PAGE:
Changing Your IAS Passphrase

Your IAS passphrase is used to log into IAS workstations. It is also used to log in to various IAS sites and services such as Zimbra Webmail, Adobe Creative Cloud, Zoom, IAS Forms, Appointment-Plus, etc. Whether you forgot your passphrase or you just want to update it, this article will show you how to change your passphrase as well as provide suggestions to maintain your passphrase security. 

Passphrase Changing Methods

  1. Close all running programs and press the CTRL+ALT+DEL keys simultaneously.
  2. Click the Change a password option.
  3. Type your current passphrase, and your new passphrase, twice, in the listed boxes.
  4. Click the arrow button or press Enter. You should see a confirmation message.
  5. Log off your computer and log back in to try the new passphrase.
  1. From the top menu bar, navigate to System Preferences > Users and Groups.
  2. Click on your username and select Change Password.
  3. Enter your old passphrase, type your new passphrase and then verify your new passphrase by retyping it.
  4. (Optional) Enter a passphrase hint if desired.
  5. Click Change Password.
  6. Log off your computer and log back in to try the new passphrase.


  1. Open a web browser and visit
  2. Log in using your IAS credentials.
  3. Select Password Changer.
  4. Fill out the fields:
    • Domain/username: Type IAS\ as your domain followed by your IAS username.
    • Current password: Enter your current IAS passphrase.
    • New password: Type your new desired passphrase for your IAS account. Use the tips below to create a strong passphrase.
    • Confirm new password: Retype your new desired passphrase.
      Screenshot of the IAS Password Changer app
  5. Click Submit.
  6. You will receive the following message: Your password has been successfully changed.

IAS Passphrase Policy

  • It should have a minimum of 15 alphanumeric and special characters.
  • It should not include your username, first or last name, or your spouse's name. It is also not recommended to use dictionary terms, computer names, house addresses, phone numbers, or all numbers.
  • Here are some examples of strong passphrases that meet IAS's password criteria:
    • #Flip0rFlopHouses
    • S3dentary!L1festyle
    • T1metogetM0v1ng
    • V3getarian#0ption
    • Thyme And Time Again 100%
  • Do not lend your passphrase to other individuals. The potential for abuse is too great if others know your passphrase.

Passphrase Security Recommendations

  • Never share your passphrase. Do not be fooled by suspicious emails asking you for your passphrase. As a simple rule, never share it with anyone.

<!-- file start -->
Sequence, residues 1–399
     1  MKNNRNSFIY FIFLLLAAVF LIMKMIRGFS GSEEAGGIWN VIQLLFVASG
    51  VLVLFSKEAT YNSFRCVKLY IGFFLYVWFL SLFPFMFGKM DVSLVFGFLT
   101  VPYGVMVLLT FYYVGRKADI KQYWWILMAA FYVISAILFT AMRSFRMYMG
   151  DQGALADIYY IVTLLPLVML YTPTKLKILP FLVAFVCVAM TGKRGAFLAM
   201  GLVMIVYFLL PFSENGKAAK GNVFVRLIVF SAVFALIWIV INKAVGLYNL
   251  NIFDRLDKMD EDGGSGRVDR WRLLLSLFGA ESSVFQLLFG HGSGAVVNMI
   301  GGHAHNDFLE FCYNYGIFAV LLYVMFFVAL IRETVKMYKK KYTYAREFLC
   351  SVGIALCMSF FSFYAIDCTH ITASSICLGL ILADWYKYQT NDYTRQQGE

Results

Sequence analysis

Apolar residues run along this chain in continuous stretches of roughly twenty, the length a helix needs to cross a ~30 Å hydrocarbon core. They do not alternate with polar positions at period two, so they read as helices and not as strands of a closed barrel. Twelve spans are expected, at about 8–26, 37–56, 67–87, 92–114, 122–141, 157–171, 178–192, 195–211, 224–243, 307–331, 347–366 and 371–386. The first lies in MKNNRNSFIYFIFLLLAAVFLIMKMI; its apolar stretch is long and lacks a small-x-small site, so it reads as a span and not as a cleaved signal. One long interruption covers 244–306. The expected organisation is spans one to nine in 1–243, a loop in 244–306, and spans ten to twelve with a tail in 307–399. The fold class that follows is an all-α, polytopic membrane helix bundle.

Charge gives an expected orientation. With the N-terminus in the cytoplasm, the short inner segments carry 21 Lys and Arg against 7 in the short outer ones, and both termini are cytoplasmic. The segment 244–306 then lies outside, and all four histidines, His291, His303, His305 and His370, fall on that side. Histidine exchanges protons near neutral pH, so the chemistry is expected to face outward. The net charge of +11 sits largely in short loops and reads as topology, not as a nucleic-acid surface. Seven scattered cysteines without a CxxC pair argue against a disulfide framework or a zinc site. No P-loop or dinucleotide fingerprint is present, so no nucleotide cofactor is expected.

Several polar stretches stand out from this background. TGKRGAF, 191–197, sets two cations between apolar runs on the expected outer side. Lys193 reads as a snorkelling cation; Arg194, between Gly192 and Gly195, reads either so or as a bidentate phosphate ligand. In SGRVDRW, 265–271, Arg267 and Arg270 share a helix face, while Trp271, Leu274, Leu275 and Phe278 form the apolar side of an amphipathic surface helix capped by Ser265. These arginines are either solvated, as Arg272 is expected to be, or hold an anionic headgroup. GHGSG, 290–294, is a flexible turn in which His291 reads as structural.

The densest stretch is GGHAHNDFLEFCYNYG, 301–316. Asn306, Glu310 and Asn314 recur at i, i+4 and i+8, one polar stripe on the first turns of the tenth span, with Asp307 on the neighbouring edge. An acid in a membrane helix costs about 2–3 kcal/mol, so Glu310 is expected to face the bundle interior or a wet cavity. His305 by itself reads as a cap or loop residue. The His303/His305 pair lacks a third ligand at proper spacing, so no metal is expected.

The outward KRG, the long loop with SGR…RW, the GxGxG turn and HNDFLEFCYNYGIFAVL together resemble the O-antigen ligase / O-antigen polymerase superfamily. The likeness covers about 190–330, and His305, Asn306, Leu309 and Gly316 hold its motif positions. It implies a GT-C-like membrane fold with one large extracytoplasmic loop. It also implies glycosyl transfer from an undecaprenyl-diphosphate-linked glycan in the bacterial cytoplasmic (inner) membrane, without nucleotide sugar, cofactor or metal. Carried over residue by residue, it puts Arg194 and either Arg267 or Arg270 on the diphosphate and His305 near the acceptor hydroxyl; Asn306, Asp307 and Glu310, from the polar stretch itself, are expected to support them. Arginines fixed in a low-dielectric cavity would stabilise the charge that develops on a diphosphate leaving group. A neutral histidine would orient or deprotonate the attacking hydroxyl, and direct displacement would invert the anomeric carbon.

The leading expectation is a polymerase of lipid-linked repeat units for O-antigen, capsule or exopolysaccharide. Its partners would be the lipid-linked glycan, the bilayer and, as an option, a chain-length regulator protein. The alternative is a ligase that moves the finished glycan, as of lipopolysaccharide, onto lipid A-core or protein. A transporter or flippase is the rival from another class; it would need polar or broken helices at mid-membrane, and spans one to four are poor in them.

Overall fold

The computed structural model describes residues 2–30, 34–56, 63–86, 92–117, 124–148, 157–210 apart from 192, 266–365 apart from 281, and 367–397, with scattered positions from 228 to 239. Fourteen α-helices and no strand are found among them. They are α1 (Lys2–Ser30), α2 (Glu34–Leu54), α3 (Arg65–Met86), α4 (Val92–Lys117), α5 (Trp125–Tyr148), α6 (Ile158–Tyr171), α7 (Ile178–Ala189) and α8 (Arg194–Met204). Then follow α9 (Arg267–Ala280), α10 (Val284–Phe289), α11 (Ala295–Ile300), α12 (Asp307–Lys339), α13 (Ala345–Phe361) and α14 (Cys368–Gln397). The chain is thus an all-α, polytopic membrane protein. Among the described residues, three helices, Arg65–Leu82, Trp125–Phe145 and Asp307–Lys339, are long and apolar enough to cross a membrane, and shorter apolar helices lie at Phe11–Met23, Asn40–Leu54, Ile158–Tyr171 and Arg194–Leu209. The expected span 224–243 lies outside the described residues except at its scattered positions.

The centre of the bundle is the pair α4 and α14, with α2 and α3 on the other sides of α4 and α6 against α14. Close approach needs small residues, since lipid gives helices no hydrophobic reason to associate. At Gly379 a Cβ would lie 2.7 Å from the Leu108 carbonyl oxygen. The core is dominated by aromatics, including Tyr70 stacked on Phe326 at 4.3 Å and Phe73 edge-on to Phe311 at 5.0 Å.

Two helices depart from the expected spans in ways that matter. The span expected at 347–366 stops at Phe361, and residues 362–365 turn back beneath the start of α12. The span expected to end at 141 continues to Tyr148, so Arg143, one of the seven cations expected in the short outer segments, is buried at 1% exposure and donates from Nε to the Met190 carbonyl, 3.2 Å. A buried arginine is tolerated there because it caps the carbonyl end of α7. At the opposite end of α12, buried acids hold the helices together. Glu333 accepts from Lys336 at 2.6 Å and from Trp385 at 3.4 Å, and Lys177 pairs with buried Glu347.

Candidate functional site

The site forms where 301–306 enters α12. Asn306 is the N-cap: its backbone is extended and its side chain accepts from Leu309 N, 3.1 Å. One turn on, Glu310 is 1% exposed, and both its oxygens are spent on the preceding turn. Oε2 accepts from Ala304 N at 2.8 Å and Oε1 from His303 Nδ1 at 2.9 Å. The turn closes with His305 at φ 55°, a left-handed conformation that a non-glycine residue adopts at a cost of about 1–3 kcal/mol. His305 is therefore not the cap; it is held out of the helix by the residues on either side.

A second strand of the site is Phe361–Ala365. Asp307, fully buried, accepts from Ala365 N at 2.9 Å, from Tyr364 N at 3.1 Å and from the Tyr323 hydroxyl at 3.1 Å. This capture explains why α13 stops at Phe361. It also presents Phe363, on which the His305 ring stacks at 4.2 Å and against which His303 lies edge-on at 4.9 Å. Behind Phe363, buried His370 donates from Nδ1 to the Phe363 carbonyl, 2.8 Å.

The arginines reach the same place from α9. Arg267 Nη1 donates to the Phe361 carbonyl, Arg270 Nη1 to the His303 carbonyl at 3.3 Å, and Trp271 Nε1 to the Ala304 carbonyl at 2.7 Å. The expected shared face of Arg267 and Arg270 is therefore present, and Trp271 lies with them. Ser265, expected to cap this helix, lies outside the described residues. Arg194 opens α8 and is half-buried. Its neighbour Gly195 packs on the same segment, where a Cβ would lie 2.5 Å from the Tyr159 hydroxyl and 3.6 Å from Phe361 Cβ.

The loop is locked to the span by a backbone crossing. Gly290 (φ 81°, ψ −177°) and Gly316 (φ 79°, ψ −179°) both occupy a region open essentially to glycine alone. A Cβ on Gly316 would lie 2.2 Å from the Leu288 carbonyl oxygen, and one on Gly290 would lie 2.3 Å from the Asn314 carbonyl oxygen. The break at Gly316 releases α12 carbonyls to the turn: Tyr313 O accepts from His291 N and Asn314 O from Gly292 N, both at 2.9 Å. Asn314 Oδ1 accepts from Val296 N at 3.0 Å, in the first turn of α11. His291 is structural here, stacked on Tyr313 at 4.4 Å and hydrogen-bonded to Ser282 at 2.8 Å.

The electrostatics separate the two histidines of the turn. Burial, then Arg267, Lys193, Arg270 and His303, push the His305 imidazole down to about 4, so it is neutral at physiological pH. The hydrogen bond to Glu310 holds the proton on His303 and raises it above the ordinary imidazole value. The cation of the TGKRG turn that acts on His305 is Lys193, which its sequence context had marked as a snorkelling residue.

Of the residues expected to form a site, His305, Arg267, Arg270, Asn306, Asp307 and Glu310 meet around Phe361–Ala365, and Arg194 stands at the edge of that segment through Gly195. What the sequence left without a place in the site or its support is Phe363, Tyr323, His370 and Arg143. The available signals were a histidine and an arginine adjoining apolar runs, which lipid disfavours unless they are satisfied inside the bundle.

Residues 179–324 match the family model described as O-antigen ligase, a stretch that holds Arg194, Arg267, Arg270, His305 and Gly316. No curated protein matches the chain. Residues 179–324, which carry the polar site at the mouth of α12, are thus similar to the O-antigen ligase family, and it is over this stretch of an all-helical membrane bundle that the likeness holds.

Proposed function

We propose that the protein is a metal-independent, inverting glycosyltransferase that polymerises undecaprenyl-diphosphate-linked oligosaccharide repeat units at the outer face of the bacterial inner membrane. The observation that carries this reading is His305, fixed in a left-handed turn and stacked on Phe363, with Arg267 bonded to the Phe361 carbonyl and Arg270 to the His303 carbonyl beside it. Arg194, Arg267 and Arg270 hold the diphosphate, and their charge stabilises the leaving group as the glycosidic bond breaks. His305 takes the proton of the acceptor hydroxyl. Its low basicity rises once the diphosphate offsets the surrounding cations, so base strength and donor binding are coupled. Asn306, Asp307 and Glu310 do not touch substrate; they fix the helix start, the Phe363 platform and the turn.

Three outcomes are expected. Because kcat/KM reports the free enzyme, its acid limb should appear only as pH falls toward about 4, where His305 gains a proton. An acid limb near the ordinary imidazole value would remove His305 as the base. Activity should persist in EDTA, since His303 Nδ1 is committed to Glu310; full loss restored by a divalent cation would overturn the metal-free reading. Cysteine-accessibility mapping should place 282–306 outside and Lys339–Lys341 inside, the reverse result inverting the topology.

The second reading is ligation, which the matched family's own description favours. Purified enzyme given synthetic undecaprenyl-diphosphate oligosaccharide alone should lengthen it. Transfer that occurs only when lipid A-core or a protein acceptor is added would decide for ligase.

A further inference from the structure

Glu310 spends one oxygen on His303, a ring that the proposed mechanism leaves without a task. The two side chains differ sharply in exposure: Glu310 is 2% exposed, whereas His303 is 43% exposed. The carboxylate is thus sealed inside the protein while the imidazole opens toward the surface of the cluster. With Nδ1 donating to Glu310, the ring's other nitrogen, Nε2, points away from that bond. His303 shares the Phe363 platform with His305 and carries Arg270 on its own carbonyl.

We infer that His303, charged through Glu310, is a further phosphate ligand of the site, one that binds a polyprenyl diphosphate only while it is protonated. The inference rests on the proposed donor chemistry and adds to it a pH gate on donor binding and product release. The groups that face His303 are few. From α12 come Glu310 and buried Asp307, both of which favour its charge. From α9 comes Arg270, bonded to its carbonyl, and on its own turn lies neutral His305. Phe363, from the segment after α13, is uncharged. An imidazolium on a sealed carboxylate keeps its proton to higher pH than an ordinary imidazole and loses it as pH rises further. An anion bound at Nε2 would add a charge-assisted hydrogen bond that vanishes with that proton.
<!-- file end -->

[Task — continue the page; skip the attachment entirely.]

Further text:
• Change your passphrase on a regular basis, at least twice a year.
  • When creating a passphrase, you should use a combination of numbers, symbols, and letters (uppercase and lowercase).
  • Worried about writing your passphrases down where other people can see them? Use a password safe.password safe allows you to securely save your passphrases in one safe place. Make sure to backup your passphrase safely, or keep a copy on multiple computers. This way you only need to remember one master password to access them all. Click here for password-safe download resources.

Passphrase Creation Tips

How do you make passphrases that are both complex and easy to remember? To ensure security, be creative when setting your network user password. Here are some other ways to create a good password.

  • If you have trouble remembering complex passphrases, put phrases in between symbols. For example, baseballplayer38 is a weak password, however, Baseball38player# is much better.

  • When you change your passphrase, you should always change at least half of the characters to something new. For example, love2drive!cars could be used for the first 90 days and then you can switch to love2run#miles for the next 90 days.

  • Choose a line or two from your favorite song or poem, and use the first letter of each word. For example, "In Xanadu did Kubla Kahn a stately pleasure dome decree" becomes 1XdKK@spdd.

  • Pick two words, split them in half, and then merge them together with a symbol in between. For example, using the words society and exponential, the password then becomes Soc1ety#exPonential.

  • Spell a word in reverse. For example, ambulancelights becomes sthgilecnalubma. Following the recommended passphrase policy of using a combination of letters, numbers, and symbols, the passphrase then becomes $thg1lecnalubm@.